Evaluating the Use of the EnviroBootie™ to Detect Salmonella at Five Breed-to-Wean Sites
T. Fangman, G. Cline, J. SeateJune 7, 2016
The EnviroBootie™ (Hardy Industries) has been used to detect Salmonella Enteritidis in poultry1 and Salmonella Choleraesuis and Typhimurium in swine2. The objective of this study was to utilize the EnviroBootie™ to identify Salmonella groups at five breed to wean sites suspected as having elevated Salmonella prevalence.
MATERIALS AND METHODS
The five suspect sites chosen for evaluation had previously demonstrated >30% percent positive Salmonella ELISA in 5 week old piglets originating from these sites (Svanova, Sweden). The suspect sites evaluated demonstrated Salmonella risk factors to include; poor sanitation practices, visible rodents and/or rodent feces and open gutter flush systems. The control site was a suspected low Salmonella prevalence farm following the same general layout and management as the other sites visited. The control site was selected as the 4 week old piglets seroconversion was < 10% percent positive Salmonella ELISA of pigs tested. Biosecurity practices upon entry at each site included; Tyvek coveralls, clean boots and plastic boot covers. Sanitized collection kits (12) utilized at each site included: 2 gloves and 2 EnviroBooties™ contained in individual whirl-pack bags (24 total booties/site). After securing the EnviroBooties™ (1 on each foot) the technician walked behind each row of sows (2 rows / alley) taking slow and deliberate steps. The technician also walked in pens, hallways and chutes. After walking to the end of each area to be sampled, the environmental booties were taken off and put back into its individual whirl-pack bag and sealed. This walk was repeated 12 times in each barn. Prior to leaving the site the 24 bootie samples were immediately placed on ice and overnight shipped to Iowa State University Veterinary Diagnostic Lab for Salmonella culture.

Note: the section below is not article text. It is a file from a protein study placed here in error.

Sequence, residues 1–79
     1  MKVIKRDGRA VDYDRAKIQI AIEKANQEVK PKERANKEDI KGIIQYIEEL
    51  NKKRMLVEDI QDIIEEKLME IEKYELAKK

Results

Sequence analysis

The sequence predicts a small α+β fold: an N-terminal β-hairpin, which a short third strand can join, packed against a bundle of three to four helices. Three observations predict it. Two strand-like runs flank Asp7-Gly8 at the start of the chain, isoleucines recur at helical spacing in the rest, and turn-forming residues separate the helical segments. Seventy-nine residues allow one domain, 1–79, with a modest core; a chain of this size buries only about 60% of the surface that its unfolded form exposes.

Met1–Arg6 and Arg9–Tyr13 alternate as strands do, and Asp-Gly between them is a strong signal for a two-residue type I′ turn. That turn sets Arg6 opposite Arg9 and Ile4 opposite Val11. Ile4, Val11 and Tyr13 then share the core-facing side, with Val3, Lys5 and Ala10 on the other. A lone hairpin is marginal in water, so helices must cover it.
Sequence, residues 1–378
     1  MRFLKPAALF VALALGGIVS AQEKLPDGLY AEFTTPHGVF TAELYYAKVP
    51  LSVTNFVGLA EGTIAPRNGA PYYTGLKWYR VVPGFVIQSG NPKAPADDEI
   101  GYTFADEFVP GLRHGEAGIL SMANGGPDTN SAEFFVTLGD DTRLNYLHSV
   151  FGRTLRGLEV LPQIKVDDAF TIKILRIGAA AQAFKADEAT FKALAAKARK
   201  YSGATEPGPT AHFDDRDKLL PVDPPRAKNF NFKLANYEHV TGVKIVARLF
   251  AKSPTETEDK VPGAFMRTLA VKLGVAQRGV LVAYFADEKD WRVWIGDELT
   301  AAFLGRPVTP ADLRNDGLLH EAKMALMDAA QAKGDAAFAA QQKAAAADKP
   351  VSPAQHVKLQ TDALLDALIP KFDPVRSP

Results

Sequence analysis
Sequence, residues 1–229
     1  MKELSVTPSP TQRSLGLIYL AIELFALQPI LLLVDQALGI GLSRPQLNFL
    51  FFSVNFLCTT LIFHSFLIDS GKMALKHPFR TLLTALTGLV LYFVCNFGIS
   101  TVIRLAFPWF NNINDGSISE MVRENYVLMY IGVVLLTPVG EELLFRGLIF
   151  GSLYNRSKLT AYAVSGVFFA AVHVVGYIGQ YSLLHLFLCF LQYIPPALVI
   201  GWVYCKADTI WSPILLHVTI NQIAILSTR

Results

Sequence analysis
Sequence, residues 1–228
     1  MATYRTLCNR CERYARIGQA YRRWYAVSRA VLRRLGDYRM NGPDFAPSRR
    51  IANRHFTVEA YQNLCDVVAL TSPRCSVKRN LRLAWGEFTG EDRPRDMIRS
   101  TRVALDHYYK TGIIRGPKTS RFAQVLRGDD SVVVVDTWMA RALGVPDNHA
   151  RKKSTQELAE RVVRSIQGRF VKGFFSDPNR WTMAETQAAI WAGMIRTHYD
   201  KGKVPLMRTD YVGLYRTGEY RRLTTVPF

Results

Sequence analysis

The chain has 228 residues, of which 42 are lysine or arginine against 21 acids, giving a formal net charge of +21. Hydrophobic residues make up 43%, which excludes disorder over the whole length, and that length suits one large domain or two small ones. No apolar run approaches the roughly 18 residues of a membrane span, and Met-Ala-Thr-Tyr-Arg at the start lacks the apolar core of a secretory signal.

Table 1 shows the different groupings of positive isolates found at the 5 suspect sites and 1 control site. The Group B Salmonella isolate was found at every site, and Group C1, was found at all but one site. Positive results were identified in places that appeared fecal material free, such as pens, hallways, and chutes.
The EnviroBooties™ utilized to culture and identify Salmonella species picked up many positive samples at the 5 sites that demonstrated > 30 % percent positive findings for Salmonella ELISA titers in 5-weekold pigs. Multiple Salmonella serogroups were identified and were widely diverse among the different sites. Salmonella species were evident in all environments but clinically relevant in weaned pigs where the breed-to-wean environments which also had rodents observed. Observable signs of rodents served as a visual risk factor suggestive of Salmonella challenge. The EnviroBootie™ is a sensitive method for picking up Salmonella isolates. Five representative samples from each site have been forwarded to the NVSL in Ames, IA for further serotyping (30 samples total). Results will be reported as they become available
- Federal Register: http://www.gpo.gov/fdsys/pkg/FR-2009-07-09/pdf/E9-16119.pdf
- T. Fangman, G. Cline (2015) Evaluating The Use of EnviroBootie™ to Detect Lawsonia and Salmonella From Known Positive Concrete Surfaces. Allen D. Leman Swine Conference.
- T. Fangman, D. Baumert, et al. (2015) Salmonella Elisa Serology from Weaned Pigs as an Indicator of Salmonella Circulation in Breed to Wean Sites. Allen D. Leman Swine Conference